Winning medals helps but there’s just one reason why the Japanese games have been an Aussie ratings hit

Ben Willee
By Ben Willee | 16 August 2021
Spinach Advertising's general manager and media director, Ben Willee.

It’s poised to be the Aussie ratings standout of the year but over in the US, NBCUniversal is talking makegoods. So what did we do right that they didn’t? Ben Willee explains.


The Japan Olympics have been fantastic for Australia. What better way to work through lockdown blues than getting fired up about events you haven’t watched in four years… sorry five? Find me one person who claims to have tuned in to canoeing since the Rio games and I’ll find you a liar. Having said that, I loved every minute of Jessica Fox’s run.

And that sentiment has been reflected in the ratings which have exceeded almost all expectations. According to data from Seven, the average audience was up approximately 77% compared to the Olympics in Rio with more than 4.6 billion minutes streamed on 7plus.

The opening ceremony has been the most-watched program of 2021 so far with VOZ showing 3,847,000 people tuned in across linear and streaming devices. Only 2,953,000 watched the State of Origin the week prior.

I could go on but I’m sure you get my gist.

But looking at the performance of the Games in the US, it’s a very different story. Ratings for the opening ceremony declined approximately 36% compared with Rio. The US Olympics broadcaster, NBCUniversal, has started the dreaded ‘makegood’ conversation where networks deliver no charge activity to make good on a loss of expected ratings. Even though streaming of the Olympics in the US is up 24% compared to Rio.

I’ve been fortunate enough to do a few Olympic sponsorship deals during my career and my opinion is this: the most important variable is time zone. The east coast of Australia is 13 hours ahead of Rio and only one hour ahead of Tokyo.

Sure medal count and crowds make a difference, but there’s nothing like watching sport live.

People will stream sport live, but they are far less likely to catch up on sport in the same way they will other genres like drama. It’s virtually impossible to keep a big sporting event result a secret so you may as well watch it when it happens. Not to mention how incredibly easy it is to jump on a streaming app and watch it when it suits you, time zone permitting.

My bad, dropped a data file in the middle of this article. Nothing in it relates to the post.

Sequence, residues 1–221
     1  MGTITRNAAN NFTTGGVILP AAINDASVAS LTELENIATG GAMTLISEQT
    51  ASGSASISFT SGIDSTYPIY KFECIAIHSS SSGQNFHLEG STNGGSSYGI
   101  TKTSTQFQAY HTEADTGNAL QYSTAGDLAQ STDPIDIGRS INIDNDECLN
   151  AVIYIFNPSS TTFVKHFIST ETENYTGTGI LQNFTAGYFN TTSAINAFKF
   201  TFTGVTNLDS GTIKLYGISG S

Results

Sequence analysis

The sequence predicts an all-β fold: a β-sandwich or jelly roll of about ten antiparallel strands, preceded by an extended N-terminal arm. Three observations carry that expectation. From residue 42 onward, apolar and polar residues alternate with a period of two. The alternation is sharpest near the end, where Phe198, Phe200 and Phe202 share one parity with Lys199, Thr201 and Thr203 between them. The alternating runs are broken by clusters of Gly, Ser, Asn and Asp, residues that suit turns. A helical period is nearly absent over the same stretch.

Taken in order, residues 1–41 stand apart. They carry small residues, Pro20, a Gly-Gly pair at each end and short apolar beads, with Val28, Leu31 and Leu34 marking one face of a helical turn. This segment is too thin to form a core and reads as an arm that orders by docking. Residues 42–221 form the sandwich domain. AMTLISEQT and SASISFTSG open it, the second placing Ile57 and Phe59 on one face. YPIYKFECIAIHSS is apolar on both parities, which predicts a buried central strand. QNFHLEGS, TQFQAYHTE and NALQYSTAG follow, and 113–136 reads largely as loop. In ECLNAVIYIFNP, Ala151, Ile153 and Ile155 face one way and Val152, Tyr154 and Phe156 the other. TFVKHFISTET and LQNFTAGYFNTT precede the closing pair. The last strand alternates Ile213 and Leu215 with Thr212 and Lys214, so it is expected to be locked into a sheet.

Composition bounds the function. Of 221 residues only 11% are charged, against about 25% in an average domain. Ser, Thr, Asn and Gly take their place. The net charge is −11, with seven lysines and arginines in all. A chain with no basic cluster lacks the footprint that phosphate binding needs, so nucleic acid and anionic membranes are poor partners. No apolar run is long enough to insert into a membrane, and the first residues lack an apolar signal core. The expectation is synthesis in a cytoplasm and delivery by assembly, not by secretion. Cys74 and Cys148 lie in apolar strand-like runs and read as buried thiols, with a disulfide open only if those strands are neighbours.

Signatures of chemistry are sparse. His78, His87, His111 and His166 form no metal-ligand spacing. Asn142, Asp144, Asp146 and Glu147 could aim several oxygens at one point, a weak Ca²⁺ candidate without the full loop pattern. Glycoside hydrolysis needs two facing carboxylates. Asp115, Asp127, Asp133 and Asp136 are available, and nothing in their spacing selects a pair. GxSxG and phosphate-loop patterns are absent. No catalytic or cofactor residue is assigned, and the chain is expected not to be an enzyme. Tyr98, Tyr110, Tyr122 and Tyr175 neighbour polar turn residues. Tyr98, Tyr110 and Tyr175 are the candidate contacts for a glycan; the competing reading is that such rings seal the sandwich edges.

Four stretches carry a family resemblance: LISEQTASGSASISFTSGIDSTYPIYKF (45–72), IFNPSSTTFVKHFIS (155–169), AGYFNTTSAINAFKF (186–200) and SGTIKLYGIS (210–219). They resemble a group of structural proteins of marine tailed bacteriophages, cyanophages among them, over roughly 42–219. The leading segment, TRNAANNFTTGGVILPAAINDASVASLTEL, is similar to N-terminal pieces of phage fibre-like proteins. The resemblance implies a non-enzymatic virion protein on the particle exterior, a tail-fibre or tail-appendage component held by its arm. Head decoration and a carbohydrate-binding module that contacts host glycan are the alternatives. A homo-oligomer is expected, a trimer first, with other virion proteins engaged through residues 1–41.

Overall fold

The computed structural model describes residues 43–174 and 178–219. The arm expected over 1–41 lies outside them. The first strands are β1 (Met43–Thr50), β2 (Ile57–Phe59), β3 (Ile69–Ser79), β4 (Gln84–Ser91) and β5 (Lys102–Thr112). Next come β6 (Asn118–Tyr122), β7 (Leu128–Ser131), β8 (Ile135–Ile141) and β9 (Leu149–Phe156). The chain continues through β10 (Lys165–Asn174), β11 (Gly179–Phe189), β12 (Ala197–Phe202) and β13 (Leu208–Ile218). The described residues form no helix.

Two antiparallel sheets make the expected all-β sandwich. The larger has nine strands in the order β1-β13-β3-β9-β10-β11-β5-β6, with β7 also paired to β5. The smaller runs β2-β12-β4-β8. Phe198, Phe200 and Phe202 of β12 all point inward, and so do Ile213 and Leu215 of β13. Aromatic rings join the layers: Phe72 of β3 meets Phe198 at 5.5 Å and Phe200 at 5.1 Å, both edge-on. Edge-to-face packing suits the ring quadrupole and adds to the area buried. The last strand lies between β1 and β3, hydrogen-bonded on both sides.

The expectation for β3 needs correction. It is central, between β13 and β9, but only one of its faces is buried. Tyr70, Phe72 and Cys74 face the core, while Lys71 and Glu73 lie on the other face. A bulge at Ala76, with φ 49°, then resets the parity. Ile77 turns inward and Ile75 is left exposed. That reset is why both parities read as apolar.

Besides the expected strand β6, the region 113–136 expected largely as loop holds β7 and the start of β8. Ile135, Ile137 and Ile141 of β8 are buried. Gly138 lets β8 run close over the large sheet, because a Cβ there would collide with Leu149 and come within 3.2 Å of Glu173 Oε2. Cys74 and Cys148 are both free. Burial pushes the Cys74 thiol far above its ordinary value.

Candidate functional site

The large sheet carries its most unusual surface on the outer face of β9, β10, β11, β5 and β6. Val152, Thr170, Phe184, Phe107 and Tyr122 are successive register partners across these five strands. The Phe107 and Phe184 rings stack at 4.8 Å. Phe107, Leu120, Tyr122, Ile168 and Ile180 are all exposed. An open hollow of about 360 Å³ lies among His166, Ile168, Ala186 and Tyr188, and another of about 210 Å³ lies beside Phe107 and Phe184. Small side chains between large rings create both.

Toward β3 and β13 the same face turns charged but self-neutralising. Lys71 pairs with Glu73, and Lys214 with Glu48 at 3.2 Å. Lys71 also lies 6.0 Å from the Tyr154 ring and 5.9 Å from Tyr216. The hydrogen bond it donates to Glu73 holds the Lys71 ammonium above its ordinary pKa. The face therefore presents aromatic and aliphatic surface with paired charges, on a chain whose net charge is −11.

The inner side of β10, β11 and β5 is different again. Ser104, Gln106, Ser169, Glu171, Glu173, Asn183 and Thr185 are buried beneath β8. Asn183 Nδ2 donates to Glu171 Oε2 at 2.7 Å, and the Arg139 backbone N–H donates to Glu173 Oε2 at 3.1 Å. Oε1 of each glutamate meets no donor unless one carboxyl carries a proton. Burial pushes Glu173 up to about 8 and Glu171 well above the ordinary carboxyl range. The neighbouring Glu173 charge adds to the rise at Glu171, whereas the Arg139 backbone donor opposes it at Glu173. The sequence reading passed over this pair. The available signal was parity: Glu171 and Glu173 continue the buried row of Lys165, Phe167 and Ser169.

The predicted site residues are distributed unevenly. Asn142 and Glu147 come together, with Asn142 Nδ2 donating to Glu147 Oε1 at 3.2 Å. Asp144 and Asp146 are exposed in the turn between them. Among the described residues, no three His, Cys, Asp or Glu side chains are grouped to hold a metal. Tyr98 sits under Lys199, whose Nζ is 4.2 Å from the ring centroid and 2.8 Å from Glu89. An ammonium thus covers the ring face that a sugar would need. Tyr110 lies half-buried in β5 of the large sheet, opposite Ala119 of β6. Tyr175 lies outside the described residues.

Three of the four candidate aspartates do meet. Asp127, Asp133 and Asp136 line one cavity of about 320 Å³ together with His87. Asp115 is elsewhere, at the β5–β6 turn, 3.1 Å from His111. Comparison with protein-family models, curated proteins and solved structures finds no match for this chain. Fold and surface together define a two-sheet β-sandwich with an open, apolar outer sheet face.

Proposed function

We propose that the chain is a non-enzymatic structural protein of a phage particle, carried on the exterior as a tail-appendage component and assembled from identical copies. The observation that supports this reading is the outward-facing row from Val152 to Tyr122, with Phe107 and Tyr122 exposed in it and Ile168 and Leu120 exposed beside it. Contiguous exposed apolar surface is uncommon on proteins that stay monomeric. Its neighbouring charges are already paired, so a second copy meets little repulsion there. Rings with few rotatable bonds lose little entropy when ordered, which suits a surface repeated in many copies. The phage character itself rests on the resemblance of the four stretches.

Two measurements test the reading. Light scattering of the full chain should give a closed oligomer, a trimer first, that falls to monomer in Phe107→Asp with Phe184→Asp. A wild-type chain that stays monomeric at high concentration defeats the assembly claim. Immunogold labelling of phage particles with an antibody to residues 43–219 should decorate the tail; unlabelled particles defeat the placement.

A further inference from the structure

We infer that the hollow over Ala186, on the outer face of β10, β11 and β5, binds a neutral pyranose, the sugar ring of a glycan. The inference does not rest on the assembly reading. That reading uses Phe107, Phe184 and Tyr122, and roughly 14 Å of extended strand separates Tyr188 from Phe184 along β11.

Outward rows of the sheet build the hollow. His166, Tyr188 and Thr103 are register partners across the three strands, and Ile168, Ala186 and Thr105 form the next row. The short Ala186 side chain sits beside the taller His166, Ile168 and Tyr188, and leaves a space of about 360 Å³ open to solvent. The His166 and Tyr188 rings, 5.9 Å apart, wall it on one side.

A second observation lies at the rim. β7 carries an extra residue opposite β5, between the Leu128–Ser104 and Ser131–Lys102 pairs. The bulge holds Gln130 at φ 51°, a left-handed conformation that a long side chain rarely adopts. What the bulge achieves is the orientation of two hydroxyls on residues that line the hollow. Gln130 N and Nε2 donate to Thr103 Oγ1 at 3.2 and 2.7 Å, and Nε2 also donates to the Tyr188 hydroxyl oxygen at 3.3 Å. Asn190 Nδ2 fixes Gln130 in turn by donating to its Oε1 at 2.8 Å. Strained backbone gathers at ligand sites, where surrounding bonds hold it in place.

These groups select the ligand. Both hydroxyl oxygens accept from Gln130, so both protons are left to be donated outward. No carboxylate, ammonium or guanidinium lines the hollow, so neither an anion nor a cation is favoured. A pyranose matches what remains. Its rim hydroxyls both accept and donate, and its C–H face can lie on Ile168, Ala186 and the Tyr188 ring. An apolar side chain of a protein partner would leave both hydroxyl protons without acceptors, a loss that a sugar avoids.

The networks bidding for future Olympics should bear this in mind.

My prediction is that ratings for Paris in 2024 will be low, ditto LA in 2028. But we can expect Brisbane in 2032 to be a ratings juggernaut, that is if we still have ratings and TV and BVOD in 2032 and we’re not simply streaming the games directly to our eyeballs.

Of course, the ratings are just one reason the networks bid for the games. Another is the platform programming like this provides for launching upcoming shows. In this sense, TV stations are their own biggest clients. It’s a strategy Nine uses to great effect with the Australian Open which kicks off the network’s year of programming with constant plugs for Married at First Sight, among others.

And on the final Sunday of the games, just before the closing ceremony, The Voice on Seven beat the premiere of The Block on Nine. The latter didn’t even crack a million viewers making it the lowest rating premiere of the show in more than a decade.

Will we see that number pick up when consolidated seven-day viewing figures become available? No doubt. But it’s still gotta hurt.

For now, the Olympics is over but with the games pushed back a year, we have the shortest wait time ever for our next chance to cheer on our athletes. Let’s hope we’re not still in lockdown then.

Ben Willee is the General Manager and Media Director for Melbourne agency Spinach.


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